After college, Roquet won some sort of Thomas J. Watson Fellowship and immediately spent a year on an ambitious research project, investigating what often the local soundscape meant to residents across the Asia-Pacific region — including Malaysia, Singapore, Australia, New Zealand, Fiji, your Cook Islands — as well while Canada.
“It made me aware of how different people’s relationship to the soundscape can be from one place to another, and how history, politics, and culture shape the exact sensory environment, ” Roquet says.
He then earned his or her MA in 2007 from the University regarding California from Berkeley, and additionally ultimately his particular PhD from Berkeley in 2012, with a focus on Japan Studies and a good Designated Emphasis in Film Studies. His dissertation formed the basis involving his “Ambient Media” book.
Following three years like an Andrew W. Mellon Postdoctoral Fellow in the Humanities, with Stanford University, and one seeing that a postdoc in global media on Brown College, Roquet joined the MIT faculty in 2016. He has remained at the Institute since, producing his second book, as well as a range of essays upon VR along with other forms connected with environmental press.
Willingness to explore
MIT offers been an excellent fit, Roquet says, given his varied interests within the relationship among technology not to mention culture.
“One thing I love about MIT is there’s a real willingness to explore newly emerging ideas and practices, even if they may not be situated in an established disciplinary context yet, ” Roquet says. “MIT allows that interdisciplinary conversation to take place because you have this location that ties everything together. ”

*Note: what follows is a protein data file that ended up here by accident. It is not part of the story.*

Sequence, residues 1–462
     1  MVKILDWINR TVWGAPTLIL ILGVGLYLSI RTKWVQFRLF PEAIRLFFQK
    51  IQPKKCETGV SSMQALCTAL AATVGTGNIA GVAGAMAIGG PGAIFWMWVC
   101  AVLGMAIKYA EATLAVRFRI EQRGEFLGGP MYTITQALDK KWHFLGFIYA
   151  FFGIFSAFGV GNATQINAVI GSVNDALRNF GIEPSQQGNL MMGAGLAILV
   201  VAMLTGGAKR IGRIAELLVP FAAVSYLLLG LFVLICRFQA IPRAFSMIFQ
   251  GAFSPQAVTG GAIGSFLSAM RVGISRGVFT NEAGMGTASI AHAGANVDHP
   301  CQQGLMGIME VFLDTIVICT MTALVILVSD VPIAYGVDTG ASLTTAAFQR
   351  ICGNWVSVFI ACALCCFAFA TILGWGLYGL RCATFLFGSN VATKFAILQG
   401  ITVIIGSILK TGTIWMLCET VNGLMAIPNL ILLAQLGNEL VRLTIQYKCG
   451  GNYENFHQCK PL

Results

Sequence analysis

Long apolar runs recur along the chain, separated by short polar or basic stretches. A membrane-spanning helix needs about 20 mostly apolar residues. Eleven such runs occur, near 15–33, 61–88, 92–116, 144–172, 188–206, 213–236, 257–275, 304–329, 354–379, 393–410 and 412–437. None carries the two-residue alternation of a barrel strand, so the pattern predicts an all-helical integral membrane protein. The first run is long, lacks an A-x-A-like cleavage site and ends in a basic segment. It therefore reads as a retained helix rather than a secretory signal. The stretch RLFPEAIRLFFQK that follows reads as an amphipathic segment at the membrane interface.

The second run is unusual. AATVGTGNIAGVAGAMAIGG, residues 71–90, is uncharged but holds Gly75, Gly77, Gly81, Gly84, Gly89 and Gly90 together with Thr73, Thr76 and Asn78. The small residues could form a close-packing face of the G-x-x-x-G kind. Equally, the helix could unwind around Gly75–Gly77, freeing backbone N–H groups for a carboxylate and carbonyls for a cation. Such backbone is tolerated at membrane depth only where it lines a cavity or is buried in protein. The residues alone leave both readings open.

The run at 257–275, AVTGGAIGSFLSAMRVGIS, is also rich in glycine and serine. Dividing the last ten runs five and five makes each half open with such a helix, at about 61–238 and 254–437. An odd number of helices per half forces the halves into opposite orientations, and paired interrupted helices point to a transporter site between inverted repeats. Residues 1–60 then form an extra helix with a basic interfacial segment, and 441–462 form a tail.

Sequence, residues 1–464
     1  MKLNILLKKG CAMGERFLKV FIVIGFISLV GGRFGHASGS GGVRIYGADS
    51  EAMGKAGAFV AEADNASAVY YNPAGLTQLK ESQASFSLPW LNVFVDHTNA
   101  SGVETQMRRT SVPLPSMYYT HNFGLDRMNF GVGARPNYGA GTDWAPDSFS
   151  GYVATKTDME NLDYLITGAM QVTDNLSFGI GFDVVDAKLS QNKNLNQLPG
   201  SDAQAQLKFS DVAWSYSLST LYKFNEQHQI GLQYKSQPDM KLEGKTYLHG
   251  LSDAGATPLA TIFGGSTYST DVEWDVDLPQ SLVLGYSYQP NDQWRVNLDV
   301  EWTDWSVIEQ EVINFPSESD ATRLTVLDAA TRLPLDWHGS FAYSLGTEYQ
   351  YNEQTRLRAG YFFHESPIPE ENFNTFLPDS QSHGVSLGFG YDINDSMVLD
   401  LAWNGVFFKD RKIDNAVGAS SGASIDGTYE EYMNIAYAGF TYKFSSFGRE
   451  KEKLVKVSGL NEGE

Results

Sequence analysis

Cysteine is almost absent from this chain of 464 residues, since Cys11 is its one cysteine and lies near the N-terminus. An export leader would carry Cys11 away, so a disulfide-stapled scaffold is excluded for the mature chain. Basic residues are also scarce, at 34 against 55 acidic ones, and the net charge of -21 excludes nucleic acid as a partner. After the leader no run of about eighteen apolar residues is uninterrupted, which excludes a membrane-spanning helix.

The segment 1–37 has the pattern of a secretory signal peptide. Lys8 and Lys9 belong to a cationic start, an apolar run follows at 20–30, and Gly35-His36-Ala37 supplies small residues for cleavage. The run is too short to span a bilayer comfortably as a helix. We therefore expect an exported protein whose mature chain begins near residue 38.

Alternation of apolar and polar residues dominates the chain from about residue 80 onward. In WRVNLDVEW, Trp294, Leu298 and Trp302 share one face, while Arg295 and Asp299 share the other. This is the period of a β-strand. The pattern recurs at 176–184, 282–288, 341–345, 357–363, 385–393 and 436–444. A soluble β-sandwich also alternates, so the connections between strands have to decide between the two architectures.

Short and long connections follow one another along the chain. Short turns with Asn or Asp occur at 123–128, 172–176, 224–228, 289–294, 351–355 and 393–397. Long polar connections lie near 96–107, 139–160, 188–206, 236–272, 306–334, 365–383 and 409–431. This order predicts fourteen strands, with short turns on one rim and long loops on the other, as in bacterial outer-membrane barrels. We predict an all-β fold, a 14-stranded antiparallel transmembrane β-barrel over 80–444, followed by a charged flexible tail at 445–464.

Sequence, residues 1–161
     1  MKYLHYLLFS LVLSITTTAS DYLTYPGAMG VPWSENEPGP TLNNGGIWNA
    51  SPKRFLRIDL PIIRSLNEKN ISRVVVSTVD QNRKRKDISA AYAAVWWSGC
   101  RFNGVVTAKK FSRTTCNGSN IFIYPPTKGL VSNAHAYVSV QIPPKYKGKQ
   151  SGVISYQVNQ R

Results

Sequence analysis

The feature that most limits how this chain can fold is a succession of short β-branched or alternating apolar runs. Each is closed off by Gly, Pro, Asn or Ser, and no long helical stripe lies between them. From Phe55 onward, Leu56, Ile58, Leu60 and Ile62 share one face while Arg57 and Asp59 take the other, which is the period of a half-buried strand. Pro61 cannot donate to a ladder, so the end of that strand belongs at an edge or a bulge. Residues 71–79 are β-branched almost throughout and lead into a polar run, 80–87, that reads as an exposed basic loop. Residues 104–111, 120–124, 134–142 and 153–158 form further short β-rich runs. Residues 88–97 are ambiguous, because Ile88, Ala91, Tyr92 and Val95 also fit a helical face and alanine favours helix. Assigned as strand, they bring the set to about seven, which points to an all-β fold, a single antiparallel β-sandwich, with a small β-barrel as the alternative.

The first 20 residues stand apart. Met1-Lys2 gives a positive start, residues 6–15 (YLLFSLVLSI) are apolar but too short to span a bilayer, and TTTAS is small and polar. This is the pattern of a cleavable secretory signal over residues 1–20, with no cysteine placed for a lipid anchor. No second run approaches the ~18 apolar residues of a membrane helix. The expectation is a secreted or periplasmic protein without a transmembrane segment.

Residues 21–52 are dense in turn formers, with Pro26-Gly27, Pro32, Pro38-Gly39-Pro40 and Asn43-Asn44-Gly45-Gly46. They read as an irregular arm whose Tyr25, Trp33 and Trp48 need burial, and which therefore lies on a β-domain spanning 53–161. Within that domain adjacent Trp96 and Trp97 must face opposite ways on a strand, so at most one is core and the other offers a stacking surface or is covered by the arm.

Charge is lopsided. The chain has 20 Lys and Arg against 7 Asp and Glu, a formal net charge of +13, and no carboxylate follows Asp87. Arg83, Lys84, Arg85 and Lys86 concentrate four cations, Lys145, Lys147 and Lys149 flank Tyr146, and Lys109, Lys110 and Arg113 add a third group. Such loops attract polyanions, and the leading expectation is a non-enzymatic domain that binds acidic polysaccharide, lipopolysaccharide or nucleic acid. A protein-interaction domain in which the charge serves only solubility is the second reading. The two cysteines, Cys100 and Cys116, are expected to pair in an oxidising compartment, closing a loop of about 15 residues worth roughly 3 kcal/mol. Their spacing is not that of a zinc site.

Roquet has also taught a wide range of undergraduate classes, including introductions in order to media studies and to Japan culture; your course about Japanese and also Korean cinema; another in Japanese literature and movie theater; and some course with digital mass media in Asia and Korea. This semester he is teaching a new course on critical approaches to immersive media research.
Of MIT’s undergraduates, Roquet notes, “They have a remarkable range with interests, as well as this means class discussions shift through year to be able to year within really interesting ways.
Whatever sparks their curiosity, they are always ready for you to dig deep. ”
When it comes to their ongoing study, Roquet will be exploring how the increasing use of impressive media works to transform a society’s relationship with the existing physical landscape.
“These kinds for questions are not asked nearly enough, ” Roquet says. “There’s a lot of emphasis on what virtual spaces offer to the particular consumer, but there are always environmental and social impacts created by inserting new layers of mediation between a fabulous person and their surrounding globe. Not to help mention by simply manufacturing headsets that often become obsolete within a couple years. ”
Wherever his / her work takes him, Roquet will still be engaging in an important career-long project of exploring the cultural plus historical variations among countries in order to expand our understanding of media in addition to technology.
“I don’t want to make the argument that Japan is radically different coming from the U. S. These histories are very intertwined, and there is a great deal of back and forth [between the countries], ” Roquet says. “But also, when you pay close attention to local situations you can uncover critical distinctions in exactly how media technologies are understood and put to use. These types of can teach us a lot, and challenge our assumptions. ”